What Santa Can (and Can’t) Teach Us About Faith

Mark Beuving —  December 20, 2012
This entry is part 4 of 4 in the seriesThe Truth About Santa Claus

Santa Claus has been with us for many generations, but still there are those who deny his existence. More than 100 years ago, sweet little Virginia O’Hanlon, eight years old at the time, encountered some of these nonbelievers, which prompted her to write these famous words to the editor of the New York Sun:

Virginia O'Hanlon

Virginia O’Hanlon

Dear Editor: I am 8 years old.
Some of my little friends say there is no Santa Claus.
Papa says, “If you see it in THE SUN it’s so.”
Please tell me the truth; is there a Santa Claus?

The brilliant response from newspaper writer Francis Church has reportedly become the most frequently reprinted editorial of all time. He explains:

Virginia, your little friends are wrong. They have been affected by the skepticism of a skeptical age. They do not believe except they see. They think that nothing can be which is not comprehensible by their little minds. All minds, Virginia, whether they be men’s or children’s, are little…

Francis Church

Francis Church

Nobody sees Santa Claus, but that is no sign that there is no Santa Claus. The most real things in the world are those that neither children nor men can see. Did you ever see fairies dancing on the lawn? Of course not, but that’s no proof that they are not there. Nobody can conceive or imagine all the wonders there are unseen and unseeable in the world…Yes, Virginia, there is a Santa Claus. He exists as certainly as love and generosity and devotion exist, and you know that they abound and give to your life its highest beauty and joy…Alas! how dreary would be the world if there were no Santa Claus…There would be no childlike faith then, no poetry, no romance to make tolerable this existence.

Francis Church is rightly condemning the modern notion that we should only believe in those things which can be verified through the five senses. Indeed, the lack of legitimate “Santa sightings” is no reason to disbelieve in his existence. Church maintains a sense of wonder in our increasingly technologized world. Where would we be if our worldview left no room for mystery?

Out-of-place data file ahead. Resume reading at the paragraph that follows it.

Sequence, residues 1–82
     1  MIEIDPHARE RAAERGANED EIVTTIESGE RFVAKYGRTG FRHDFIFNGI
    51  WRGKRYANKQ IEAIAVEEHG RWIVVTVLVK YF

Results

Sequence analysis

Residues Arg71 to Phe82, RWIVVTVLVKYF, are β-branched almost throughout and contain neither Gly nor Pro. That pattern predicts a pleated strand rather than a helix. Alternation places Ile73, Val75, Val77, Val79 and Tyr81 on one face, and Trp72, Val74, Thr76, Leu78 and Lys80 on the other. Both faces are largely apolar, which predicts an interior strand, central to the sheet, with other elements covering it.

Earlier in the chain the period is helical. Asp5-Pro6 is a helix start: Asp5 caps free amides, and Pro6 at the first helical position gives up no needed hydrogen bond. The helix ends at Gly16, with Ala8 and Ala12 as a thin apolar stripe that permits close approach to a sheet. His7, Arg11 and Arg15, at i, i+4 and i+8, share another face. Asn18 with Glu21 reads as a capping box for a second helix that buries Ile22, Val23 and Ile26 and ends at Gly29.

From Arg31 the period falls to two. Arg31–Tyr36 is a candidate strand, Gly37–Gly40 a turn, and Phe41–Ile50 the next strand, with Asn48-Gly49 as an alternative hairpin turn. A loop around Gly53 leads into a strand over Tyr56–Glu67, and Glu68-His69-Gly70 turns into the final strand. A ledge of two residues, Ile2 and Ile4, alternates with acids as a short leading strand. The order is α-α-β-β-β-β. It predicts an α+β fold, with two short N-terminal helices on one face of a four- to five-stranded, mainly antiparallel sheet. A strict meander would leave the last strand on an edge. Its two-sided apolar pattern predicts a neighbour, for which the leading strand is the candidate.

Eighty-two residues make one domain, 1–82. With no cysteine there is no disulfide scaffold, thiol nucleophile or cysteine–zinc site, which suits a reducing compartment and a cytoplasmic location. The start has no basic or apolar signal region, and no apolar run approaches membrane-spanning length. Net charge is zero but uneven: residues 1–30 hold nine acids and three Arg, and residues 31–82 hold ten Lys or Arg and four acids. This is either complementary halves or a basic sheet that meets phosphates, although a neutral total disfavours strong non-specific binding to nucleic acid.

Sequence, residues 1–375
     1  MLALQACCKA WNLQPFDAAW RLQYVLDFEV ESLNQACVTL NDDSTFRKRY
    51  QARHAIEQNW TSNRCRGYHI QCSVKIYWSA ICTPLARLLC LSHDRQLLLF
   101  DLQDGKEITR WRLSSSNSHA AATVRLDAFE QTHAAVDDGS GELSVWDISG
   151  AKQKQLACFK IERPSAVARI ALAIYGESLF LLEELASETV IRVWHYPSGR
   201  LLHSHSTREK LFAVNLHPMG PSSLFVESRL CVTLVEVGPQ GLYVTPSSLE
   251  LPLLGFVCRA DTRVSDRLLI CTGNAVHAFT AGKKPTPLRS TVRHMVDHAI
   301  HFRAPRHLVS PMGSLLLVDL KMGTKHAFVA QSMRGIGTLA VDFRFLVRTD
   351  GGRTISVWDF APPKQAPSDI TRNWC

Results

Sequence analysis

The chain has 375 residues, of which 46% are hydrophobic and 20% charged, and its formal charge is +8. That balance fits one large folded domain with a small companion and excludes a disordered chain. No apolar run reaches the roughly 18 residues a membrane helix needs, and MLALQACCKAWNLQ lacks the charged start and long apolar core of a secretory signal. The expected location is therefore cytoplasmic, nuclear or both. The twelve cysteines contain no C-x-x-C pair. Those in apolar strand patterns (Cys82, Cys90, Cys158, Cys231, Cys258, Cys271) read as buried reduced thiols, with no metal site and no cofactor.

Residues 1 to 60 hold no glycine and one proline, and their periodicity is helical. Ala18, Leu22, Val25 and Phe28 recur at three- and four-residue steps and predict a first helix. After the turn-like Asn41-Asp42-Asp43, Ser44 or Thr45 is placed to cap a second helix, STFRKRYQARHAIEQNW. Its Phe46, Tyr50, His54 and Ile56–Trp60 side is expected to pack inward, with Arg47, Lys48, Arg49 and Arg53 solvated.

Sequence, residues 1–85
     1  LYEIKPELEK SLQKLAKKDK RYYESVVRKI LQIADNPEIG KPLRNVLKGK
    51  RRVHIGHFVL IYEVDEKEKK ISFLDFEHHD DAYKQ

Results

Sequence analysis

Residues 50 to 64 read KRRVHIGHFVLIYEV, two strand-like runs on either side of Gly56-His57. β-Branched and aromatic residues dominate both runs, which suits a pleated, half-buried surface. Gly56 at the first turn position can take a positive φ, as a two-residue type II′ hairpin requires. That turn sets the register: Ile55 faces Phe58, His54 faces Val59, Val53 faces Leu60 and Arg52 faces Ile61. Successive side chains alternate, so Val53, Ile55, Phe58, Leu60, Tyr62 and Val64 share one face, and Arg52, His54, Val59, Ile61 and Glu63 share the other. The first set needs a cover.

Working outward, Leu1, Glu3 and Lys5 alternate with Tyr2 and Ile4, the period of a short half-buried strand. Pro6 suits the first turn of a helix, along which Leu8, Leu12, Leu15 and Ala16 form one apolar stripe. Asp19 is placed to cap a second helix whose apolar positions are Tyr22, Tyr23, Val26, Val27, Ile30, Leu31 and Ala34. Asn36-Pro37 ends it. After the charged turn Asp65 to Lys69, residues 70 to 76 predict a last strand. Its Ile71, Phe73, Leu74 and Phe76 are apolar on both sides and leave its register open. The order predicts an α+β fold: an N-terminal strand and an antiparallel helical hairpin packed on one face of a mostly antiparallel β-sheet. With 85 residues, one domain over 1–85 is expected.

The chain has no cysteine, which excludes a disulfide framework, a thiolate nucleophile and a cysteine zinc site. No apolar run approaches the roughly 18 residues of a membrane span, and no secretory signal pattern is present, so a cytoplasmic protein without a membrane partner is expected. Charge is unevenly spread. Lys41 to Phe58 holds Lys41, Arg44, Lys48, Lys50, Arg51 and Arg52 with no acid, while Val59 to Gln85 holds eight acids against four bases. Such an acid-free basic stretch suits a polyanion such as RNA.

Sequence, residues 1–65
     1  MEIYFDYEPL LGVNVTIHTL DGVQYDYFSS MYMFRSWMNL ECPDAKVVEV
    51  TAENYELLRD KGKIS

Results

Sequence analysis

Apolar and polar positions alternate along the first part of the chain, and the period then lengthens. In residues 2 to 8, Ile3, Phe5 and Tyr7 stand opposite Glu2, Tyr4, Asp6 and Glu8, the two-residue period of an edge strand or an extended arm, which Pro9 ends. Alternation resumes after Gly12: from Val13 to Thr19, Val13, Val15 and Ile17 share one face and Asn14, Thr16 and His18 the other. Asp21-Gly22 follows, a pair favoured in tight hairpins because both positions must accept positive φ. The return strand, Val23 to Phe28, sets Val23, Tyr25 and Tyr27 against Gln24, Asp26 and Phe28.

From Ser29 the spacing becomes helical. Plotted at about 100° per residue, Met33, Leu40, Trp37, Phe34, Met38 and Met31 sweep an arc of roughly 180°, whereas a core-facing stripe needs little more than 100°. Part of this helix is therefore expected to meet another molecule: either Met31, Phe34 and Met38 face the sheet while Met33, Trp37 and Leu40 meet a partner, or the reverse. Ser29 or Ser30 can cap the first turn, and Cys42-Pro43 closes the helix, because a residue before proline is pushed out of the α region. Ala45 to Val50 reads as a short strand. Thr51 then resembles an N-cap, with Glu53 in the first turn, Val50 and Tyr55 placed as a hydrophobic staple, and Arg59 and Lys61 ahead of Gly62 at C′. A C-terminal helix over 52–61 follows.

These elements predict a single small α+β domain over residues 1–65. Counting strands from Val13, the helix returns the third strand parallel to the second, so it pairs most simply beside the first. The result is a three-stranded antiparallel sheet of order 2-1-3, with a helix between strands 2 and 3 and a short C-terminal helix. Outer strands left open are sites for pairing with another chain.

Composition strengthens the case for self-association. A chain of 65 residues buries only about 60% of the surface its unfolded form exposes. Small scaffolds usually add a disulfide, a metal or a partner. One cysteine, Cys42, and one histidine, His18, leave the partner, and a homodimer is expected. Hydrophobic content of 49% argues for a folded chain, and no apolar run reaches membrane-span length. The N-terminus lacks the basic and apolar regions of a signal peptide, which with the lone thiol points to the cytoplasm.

But we need to be careful about equating the kind of faith that can be directed toward Santa Claus and the kind of faith that Christians direct towards Jesus. Some would say that faith is faith—believing in Jesus is no different than believing in Santa. When Karl Marx referred to religion as “the opiate of the masses,” he had in mind the kind of faith that Francis Church has in Santa Claus: We can’t explain everything in this world, and none of us want to give up the joy of poetry, romance, and wonder, so why not believe in Santa if it makes life more bearable?

Santa ChimneyI am all for celebrating the magic and mystery of the world in fun ways (which is how I see Santa Claus). But we “believe” in Santa despite what we know, rather than because of it. No one ever looked at the night before Christmas and decided the best way to explain the gifts in the stockings and under the tree is a garish, overweight man in a red velvet suit flying in a sleigh and descending through every chimney in the world.

On the contrary, faith in Jesus is not despite the evidence. It is not blind faith. It is a faith that rests on the authority of what God has said, and then steps out into the real world and finds God’s words confirmed in every aspect of the world and the human experience. Faith in Jesus is more than a sense of romance and magic (though it is not less).

So celebrate Christmas with or without reference to Santa Claus, and never lose your sense of wonder in this unbelievable world. But don’t believe those who tell you that faith in Jesus is nothing more than a lie you tell yourself to make life a little happier, or to make your Christmas celebrations a little more religiously charged. God’s truth runs deeper than our five senses, but it is consistently confirmed by all of them.

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Mark Beuving

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Mark has worked in youth, college, and worship ministry since 1999, and now serves at Eternity Bible College as the Associate Professor of Interdisciplinary Studies. He is passionate about building up the body of Christ, training future leaders for the Church, and writing. Though he is interested in many areas of theology and philosophy, Mark is most fascinated with practical theology and exploring the many ways in which the Bible can speak to and transform our world. He is the author of "Resonate: Enjoying God's Gift of Music" and the co-author with Francis Chan of "Multiply: Disciples Making Disciples." Mark lives in Simi Valley with his wife and two daughters.